procedure for the design of walls under vertical loading; which incorporates the
following empirical formula:
N
u
= 0.55 f

c
A
g
[1 (kH/32t
w
)
2
] Equation 10.3(6)
where
A
g
= L t
w
, is the gross area of the wall panel section
H = the unsupported height of the wall
k = 0.8 and 1.0 for walls restrained and unrestrained against rotation, respectively,
and 2.0 for walls not braced laterally
= 0.7 for compression members.
The equation applies when either H/t
w
or L/t
w
is less than or equal to 25. The
minimum allowable thickness is 100 mm. The resultant load must be in the middle
third of the overall thickness of the wall. This allows for a maximum eccentricity of
t
w
/6.
At rst glance, Equations 10.3(6) and the simplied formula (or Equation 10.3(1))
appear to be different. An appropriate rearrangement of Equation 10.3(1), that is, the
replacement of e by t
w
/6 and the multiplication of L for length, reveals that the two
equations are actually very similar. In general, Equation 10.3(6) gives a slightly higher
capacity load (see Section 10.6.1). It is also not applicable to cases with e > t
w
/6.
10.3.3 New design formula
Doh and Fragomeni (2004) have conducted research on normal and high-strength
reinforced concrete walls with various support conditions. Wall panels with f
c

up to
80 MPa were tested to failure. Their extensive laboratory and analytical study has led
to a new design formula, which is capable of analysing walls in both one-way and
two-way actions. It also allows for higher slenderness ratios than those specied in the
Standard and in ACI 318-2008. The formula takes a form similar to Equation 10.3(1),
that is
N
u
= 2.0( f

c
)
0.7
(t
w
1.2e 2e
a
) Equation 10.3(7)
where , t
w
, e and e
a
are as dened in Section 10.3.1. However, in Equation 10.3(2),
for e
a
, that is
e
a
= H
2
we
/2500t
w
Equation 10.3(8)
the effective wall height
H
we
= H Equation 10.3(9)
250 Part I Reinforced concrete
where for walls simply supported at top and bottom or walls in one-way action only
= 1 if H/t
w
< 27 Equation 10.3(10)
=
18
_
H
t
w
_
0.88
if H/t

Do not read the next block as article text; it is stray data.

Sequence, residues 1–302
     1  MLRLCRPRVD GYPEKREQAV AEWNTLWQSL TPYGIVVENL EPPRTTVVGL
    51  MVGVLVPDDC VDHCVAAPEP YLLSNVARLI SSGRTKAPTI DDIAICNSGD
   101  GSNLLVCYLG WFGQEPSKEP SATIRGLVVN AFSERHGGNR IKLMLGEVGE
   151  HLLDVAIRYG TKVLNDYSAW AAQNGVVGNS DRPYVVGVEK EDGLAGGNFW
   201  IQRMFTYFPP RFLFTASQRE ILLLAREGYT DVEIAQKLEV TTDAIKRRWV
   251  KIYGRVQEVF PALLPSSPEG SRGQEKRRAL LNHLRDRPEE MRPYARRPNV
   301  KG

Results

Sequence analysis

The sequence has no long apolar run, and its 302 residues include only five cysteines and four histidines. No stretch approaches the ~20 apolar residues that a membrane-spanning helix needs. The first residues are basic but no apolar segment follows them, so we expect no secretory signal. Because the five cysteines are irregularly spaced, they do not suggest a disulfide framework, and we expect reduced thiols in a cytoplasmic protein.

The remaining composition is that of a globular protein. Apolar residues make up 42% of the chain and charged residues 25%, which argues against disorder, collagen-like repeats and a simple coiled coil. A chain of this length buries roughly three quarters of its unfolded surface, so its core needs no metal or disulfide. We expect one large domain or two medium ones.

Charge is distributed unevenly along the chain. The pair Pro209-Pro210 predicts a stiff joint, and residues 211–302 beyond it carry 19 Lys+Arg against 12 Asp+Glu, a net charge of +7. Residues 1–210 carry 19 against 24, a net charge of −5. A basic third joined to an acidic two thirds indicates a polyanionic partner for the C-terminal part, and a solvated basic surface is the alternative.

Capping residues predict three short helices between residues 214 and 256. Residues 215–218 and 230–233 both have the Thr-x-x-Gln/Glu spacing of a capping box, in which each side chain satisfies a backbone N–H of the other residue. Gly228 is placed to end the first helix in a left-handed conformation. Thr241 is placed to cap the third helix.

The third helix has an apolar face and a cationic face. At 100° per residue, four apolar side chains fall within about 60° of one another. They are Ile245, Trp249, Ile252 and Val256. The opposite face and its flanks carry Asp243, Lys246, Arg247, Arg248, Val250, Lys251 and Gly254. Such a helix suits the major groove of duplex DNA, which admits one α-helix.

w
27 Equation 10.3(11)
and for walls restrained laterally at all four sides or walls in two-way action
=
1
1 +
_
H
L
_
2
if H L Equation 10.3(12)
=
L
2H
if H>L Equation 10.3(13)
In Equations 10.3(12) and 10.3(13), the eccentricity parameter
=
1
1
e
t
w
, if H/t
w
< 27, Equation 10.3(14)
and
=
1
1
e
t
w

18
_
H
t
w
_
0.88
if H/t
w
27, Equation 10.3(15)
Equation 10.3(7) in conjunction with Equations 10.3(8) to 10.3(15) has been shown
to be superior to Equations 10.3(1) and 10.3(6). It is applicable to walls with
slenderness ratios greater than 30, which is the conservative limit set for
Equation 10.3(1), and it accounts for the effect of eccentricity up to t
w
/6.
10.3.4 Alternative column design method
If the Standard stipulations on bracing, loading or slenderness cannot be complied
with, a wall must be designed as a column (refer to Chapter 9). As a column, the
amount of A
sc
must not be less than 0.01A
g
. However, for a column with a larger area
than is required for strength consideration, a reduced amount of A
sc
may be used if
A
sc
f
y
> 0.15N

, but A
sc
0.04A
g
(see Clause 10.7.1(a) of the Standard). Experience
has indicated that the column design process normally leads to a much higher
reinforcement content than is due to the simplied method for walls.
When treating a wall as a column, the upper limit of the slenderness ratio is
H
we
/r = 120, which is equal to H
we
/t
w
= 36 (assuming r = 0.3t
w
). This limit is higher
than the limit specied for the simplied method described in Section 10.3.1. As
detailed in Chapter 9, the column design method is based on the moment magnier
principle, which has been recommended in the ACI 318 code for many years. The
Chapter 10 Walls 251
method is considered reliable, but it leads to a heavier section in terms of
reinforcement.
.....................................................................................
10.4 Walls subjected to in-plane horizontal forces
10.4.1 General requirements
If in-plane horizontal forces act in conjunction with axial forces, and compression
exists over the entire section, the wall may be designed conservatively for horizontal
shear only.
If tension exists in part of the section, the wall must be designed for in-plane
bending as described in Chapter 9 and for horizontal shear in accordance with
Section 10.4.2, or for combined in-plane bending and shear according to relevant
clauses related to the design of non-exural members in Section 12 of the
Standard.
10.4.2 Design strength in shear
The Standard stipulates that for a reinforced concrete wall, the critical section for
maximum shear shall be taken at a distance of 0.5L
w
or 0.5H
w
from the base,
whichever is less where L
w
and H
w
are the overall length and height of the wall,
respectively.
The design strength in shear as in Clause 11.6 of the Standard is given as
V
u
= (V
uc
+ V
us
) < V
umax
Equation 10.4(1)
where = 0.7
V
u.max
= 0.2 f

c
(0.8L
w
t
w
) Equation 10.4(2)
and the ultimate strength, excluding shear reinforcement is
V
uc
=
_
0.66
_
f

c
0.21
H
w
L
w
_
f

c
_
0.8L
w
t
w
if H
w
/L
w
1 Equation 10.4(3)
or
V
uc
=
_
_
_
_
0.05
_
f

c
+
0.1
_
f

c
_
H
w
L
w
1
_
_

_
0.8L
w
t
w
if H
w
/L
w